For anything to be a success, it needs to fulfil a need.
In the second decade of the 21st century, it’s fairly unusual not to have a computer in your home, at work or in your pocket or bag. Most of us go online on a daily basis for work, entertainment, shopping and communication.
We also worry about our health and the wellbeing of those closest to us so it’s no surprise that demand for web-based health and medical information is at an all-time high. Research carried out a couple of years ago showed that over two-thirds of people surveyed used websites to find out more about a medical condition or to research a hospital or a doctor. And that proportion is growing as online medical information continues to proliferate.
Plenty of organisations set up websites to attract people with spurious claims or make sure their ads are displayed prominently all over the internet. Obscure berries that cure cancer, diet pills that are ‘safe’ and ‘guaranteed’, plant extracts that slow ageing are just three examples.
Some people are taken in but most aren’t. Internet users looking for reliable and trustworthy medical information, those searching out healthcare professionals with particular expertise or those checking details of hospital services are able to assess the credibility of websites they come across quite astutely.
As an authority in the medical field, irrespective of whether you are an individual or an organisation, don’t be afraid to create your own recognisable brand. Say who you are, what you stand for and why you have expertise and display that message as a core feature of your web design. If you are an individual, creating a site that shows a little of your personality can be very appealing for your target audience.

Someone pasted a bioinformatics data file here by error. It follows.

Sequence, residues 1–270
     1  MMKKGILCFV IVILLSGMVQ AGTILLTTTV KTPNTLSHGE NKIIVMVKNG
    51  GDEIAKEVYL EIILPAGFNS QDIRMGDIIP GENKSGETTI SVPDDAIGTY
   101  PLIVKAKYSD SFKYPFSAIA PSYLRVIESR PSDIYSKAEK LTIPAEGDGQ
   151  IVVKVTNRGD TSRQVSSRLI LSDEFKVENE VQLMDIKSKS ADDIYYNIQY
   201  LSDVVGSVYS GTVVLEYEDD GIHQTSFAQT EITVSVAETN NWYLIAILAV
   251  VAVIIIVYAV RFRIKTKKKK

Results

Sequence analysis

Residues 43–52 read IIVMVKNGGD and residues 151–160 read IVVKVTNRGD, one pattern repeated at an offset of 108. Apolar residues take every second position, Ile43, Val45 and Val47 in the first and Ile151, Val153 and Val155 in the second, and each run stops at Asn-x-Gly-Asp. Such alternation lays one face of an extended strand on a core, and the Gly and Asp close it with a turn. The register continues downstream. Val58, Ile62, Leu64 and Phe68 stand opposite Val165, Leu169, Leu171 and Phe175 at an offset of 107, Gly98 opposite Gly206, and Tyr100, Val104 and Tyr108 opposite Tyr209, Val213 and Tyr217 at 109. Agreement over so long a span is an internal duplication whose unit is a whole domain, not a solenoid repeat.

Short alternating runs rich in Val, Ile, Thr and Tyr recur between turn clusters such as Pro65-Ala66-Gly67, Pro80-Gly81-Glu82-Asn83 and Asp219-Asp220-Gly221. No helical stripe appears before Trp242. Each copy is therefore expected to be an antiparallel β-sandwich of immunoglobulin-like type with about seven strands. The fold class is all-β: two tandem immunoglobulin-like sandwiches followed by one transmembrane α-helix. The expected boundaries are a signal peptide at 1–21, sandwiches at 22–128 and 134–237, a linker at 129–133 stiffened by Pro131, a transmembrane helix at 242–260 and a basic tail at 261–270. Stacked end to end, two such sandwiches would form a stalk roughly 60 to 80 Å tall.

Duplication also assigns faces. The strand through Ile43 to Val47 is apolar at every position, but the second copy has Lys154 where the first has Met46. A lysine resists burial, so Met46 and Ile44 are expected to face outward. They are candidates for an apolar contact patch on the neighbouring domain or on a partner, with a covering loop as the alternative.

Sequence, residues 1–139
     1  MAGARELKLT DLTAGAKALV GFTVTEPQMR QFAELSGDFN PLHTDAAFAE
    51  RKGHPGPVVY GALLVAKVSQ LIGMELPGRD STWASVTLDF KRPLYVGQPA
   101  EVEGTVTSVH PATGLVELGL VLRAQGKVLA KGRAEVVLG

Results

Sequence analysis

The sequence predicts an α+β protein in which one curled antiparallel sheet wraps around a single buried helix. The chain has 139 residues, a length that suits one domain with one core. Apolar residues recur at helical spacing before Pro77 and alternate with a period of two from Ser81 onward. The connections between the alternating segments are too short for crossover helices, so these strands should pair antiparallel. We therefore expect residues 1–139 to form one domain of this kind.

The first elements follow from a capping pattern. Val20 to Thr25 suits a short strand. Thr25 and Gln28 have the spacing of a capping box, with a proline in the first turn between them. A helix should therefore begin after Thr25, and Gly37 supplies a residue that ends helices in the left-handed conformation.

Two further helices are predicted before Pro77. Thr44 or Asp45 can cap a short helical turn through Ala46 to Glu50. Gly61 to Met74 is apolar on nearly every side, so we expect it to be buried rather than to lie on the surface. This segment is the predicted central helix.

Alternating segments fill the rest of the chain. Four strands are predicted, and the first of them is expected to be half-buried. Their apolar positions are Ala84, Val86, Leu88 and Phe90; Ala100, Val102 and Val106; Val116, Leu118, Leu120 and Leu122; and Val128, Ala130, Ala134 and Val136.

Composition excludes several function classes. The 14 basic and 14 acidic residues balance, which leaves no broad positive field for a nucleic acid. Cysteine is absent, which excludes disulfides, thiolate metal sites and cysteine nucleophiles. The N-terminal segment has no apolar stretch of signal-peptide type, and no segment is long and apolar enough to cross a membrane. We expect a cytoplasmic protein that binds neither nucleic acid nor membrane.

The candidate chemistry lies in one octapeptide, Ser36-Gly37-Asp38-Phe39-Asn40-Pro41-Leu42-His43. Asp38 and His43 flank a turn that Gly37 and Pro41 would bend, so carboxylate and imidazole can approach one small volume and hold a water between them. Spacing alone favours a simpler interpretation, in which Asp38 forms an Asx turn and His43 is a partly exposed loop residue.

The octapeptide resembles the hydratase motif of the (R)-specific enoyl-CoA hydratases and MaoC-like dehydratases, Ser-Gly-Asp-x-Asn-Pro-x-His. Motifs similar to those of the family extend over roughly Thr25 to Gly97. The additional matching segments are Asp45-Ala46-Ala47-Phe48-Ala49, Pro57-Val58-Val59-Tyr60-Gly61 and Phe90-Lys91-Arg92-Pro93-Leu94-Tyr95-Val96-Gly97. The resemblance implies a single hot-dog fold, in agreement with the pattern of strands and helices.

With the benchmark set at a high level by websites in other sectors, healthcare related sites must look the part. Good design, visual appeal, presentation of information and accessibility are all important but they don’t necessarily make ideal partners.
While people may be happy to wade through long pages full of colour photos, text, video clips, adverts and pop-ups when shopping online or when keeping up with celebrity gossip, they want information relevant to their health to be calmer and more authoritative. Reputable healthcare companies, organisations and individuals need to present a professional interface that gets across their messages easily using a well-balanced mix of photos, graphics and text. Clear, uncluttered and professional design that allows the information to shine is favoured by the best medical sites.
A great website has clear signposting on every page showing how to return to key sections; you should never need to use the back button to find your way around.
Displaying your contact details and a link to your credentials and background information on the footer or header of every page is also a good move.
It’s a step too far for some in the sector, but buttons to link to your twitter feed, Facebook page, YouTube channel or blog to encourage direct interaction are ideal too.